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The domino effect on housing

Nancy Marshall-Genzer Mar 24, 2016
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San Francisco housing is among the most expensive in the nation.  Justin Sullivan/Getty Images

The domino effect on housing

Nancy Marshall-Genzer Mar 24, 2016
San Francisco housing is among the most expensive in the nation.  Justin Sullivan/Getty Images
HTML EMBED:
COPY

It’s getting a lot harder to buy a house in some parts of the country.

RealtyTrac is out with a report Thursday that says home prices are rising faster than wages in almost two-thirds of U.S. housing markets.

The most unaffordable housing markets are on the coasts. New York and San Francisco, for example. But the report found that prices aren’t just rising there. In 9 percent of the housing markets RealtyTrac looked at, prices were above historic norms.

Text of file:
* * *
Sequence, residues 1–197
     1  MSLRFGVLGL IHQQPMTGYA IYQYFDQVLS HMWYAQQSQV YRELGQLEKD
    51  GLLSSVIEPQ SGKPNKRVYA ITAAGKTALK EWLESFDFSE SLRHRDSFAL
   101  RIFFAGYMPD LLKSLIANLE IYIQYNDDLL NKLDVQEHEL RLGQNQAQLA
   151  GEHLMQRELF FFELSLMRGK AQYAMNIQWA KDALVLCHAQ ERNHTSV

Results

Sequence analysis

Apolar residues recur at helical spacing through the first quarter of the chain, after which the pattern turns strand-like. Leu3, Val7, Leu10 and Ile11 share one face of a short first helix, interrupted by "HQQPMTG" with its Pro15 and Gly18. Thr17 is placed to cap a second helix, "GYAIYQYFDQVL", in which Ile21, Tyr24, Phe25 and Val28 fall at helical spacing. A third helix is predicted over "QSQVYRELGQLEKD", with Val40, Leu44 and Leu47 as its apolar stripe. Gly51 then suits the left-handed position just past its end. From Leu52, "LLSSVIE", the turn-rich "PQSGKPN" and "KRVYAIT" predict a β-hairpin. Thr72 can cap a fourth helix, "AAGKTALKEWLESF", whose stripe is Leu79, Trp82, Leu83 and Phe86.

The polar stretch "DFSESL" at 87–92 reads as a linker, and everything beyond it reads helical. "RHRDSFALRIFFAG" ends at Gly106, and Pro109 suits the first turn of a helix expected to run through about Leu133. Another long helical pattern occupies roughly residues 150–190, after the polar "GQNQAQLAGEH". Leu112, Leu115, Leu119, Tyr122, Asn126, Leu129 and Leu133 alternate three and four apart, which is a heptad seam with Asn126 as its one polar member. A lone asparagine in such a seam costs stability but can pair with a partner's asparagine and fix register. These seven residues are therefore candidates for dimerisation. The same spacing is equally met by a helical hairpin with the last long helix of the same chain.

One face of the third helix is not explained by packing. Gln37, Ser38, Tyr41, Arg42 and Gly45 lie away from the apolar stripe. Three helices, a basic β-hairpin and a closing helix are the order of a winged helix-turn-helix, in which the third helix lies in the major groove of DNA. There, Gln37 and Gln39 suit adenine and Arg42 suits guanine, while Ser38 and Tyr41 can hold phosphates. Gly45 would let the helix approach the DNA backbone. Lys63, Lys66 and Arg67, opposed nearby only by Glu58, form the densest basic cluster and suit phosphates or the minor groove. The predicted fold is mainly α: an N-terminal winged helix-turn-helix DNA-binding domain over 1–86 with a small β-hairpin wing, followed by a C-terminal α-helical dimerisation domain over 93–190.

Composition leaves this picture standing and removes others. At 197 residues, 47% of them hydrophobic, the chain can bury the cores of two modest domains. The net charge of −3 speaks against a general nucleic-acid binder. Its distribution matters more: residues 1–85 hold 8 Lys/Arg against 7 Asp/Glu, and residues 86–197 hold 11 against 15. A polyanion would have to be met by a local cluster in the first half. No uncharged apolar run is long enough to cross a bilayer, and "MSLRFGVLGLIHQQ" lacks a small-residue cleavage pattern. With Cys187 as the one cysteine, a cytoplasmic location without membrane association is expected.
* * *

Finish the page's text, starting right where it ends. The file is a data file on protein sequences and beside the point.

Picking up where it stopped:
“To buy a median-priced home, you’d have to spend a higher percentage of your wages as an average wage earner than you would have to historically in that market,” said Daren Blomquist, senior vice president at RealtyTrac.

Why? Blomquist blames a domino effect that starts when wealthy foreign buyers snap up houses on the coasts. The locals in those markets are priced out. So, they move.

“We call them housing refugees,” Blomquist said. “They’re coming from these high-priced markets and moving to a market like Detroit or St. Louis or even Baltimore.”

And driving up prices in those markets.

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